This is a worksheet activity designed to get students thinking about the relationship between area and perimeter. They should reach the conclusion that spaces with the same area can (and often do) have different perimeters.
Students play 'architects' and try to design an enclosure for the tiger cubs at the local zoo. They are given certain information (number of tiger cubs, how much space each needs, etc.), and it is their job to build an enclosure that requires the least amount of fencing possible. On graph paper, they must come up with at least three different configurations, trying to determine which is the most practical.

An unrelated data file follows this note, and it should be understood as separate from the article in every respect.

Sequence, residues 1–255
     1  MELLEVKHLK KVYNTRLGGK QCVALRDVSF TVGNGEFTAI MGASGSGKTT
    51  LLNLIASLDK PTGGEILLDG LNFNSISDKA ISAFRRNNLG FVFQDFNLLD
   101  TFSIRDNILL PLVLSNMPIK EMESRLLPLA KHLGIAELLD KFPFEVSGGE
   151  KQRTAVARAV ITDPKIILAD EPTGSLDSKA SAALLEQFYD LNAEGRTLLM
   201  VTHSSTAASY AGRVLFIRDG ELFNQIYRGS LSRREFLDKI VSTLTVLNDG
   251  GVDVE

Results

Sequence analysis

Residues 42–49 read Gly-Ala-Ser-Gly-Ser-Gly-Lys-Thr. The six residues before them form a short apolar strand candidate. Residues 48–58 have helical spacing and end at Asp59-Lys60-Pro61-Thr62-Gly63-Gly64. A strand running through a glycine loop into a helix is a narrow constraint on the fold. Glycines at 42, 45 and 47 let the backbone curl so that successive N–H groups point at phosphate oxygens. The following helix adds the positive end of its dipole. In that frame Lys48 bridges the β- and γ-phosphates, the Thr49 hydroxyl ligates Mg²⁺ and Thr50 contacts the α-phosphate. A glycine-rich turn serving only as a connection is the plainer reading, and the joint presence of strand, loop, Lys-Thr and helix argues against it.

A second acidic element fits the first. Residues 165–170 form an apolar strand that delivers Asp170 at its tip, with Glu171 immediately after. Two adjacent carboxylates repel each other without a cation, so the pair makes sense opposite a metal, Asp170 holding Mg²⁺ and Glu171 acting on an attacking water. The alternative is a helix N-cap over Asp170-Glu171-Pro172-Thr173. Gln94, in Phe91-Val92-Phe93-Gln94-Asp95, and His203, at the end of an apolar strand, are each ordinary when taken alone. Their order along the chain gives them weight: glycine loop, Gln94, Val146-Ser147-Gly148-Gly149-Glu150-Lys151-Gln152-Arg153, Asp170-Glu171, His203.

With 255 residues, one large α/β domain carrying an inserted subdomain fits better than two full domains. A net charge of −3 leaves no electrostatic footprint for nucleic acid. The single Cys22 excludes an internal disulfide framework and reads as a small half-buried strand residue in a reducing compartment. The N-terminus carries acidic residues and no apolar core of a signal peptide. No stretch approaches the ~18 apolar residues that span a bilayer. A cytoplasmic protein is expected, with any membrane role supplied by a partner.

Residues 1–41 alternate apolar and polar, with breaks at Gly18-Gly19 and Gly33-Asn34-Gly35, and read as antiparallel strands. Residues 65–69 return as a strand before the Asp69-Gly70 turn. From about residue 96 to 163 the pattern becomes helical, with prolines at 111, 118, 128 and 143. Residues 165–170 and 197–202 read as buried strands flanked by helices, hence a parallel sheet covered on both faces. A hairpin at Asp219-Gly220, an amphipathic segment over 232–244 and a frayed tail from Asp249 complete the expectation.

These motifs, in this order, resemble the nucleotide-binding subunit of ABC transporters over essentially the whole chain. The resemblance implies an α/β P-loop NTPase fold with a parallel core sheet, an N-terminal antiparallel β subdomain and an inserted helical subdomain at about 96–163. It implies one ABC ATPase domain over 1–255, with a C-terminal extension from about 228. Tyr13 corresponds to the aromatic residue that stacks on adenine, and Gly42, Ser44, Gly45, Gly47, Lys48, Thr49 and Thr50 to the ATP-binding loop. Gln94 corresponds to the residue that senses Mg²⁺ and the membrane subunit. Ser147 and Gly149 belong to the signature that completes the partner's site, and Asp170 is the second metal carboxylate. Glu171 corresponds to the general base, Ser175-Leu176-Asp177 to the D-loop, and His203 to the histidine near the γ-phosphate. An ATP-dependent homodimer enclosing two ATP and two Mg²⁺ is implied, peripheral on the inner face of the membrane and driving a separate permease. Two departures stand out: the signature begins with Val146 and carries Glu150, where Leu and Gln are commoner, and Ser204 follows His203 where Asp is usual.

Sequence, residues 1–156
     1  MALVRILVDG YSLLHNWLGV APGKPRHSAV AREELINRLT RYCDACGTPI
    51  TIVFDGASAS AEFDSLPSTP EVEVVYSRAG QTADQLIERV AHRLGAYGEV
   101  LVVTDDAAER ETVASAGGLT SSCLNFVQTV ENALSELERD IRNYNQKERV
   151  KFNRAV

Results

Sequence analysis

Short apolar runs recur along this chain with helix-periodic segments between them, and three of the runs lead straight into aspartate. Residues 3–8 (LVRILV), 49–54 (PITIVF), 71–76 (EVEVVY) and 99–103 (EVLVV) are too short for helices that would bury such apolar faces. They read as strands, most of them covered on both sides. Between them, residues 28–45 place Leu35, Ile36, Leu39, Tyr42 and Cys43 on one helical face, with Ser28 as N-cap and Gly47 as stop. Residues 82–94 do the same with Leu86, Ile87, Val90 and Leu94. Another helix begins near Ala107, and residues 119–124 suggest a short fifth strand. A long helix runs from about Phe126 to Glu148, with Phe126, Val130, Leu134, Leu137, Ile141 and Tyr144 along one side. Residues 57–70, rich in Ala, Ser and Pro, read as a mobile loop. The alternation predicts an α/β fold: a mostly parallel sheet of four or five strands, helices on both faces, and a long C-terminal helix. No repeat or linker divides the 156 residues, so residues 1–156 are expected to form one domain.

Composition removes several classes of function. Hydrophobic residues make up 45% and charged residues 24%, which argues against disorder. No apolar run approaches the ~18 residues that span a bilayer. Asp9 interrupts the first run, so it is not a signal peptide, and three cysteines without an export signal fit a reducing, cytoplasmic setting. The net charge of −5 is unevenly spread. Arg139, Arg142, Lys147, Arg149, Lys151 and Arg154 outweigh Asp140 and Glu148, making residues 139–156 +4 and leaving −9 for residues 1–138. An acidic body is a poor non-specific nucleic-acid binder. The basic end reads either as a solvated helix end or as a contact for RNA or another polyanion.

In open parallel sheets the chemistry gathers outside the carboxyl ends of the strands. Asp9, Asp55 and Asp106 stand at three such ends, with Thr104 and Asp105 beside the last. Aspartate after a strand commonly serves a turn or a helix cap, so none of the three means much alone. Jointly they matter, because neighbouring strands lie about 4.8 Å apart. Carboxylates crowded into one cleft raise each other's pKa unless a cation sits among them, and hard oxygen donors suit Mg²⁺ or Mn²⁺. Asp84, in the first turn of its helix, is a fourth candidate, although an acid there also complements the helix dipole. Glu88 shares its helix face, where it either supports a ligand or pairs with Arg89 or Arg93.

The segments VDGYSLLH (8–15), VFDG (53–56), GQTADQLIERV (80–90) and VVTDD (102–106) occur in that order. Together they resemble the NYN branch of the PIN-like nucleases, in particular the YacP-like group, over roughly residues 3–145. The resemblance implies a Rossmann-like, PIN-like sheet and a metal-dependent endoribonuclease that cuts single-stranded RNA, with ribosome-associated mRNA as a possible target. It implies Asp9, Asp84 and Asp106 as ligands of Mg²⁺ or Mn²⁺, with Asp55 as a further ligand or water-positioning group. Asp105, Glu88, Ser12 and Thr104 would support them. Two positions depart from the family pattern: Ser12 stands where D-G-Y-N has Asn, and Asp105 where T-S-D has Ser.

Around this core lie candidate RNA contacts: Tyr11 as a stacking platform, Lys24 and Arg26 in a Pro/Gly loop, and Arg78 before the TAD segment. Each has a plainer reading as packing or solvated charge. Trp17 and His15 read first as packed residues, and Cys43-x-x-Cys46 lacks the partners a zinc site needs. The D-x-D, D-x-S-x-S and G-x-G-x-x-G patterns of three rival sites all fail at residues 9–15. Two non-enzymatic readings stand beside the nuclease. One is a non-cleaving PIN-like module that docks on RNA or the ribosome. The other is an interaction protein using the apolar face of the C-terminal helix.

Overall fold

I used this as an enrichment activity for my more advanced students who quickly became bored with calculating the area and perimeter of individual rectangles. I later made it available on my classroom 'challenge board' for other students to try, and my on-grade-level students were able to do it as well, though only once they had had a lot of practice with the basics.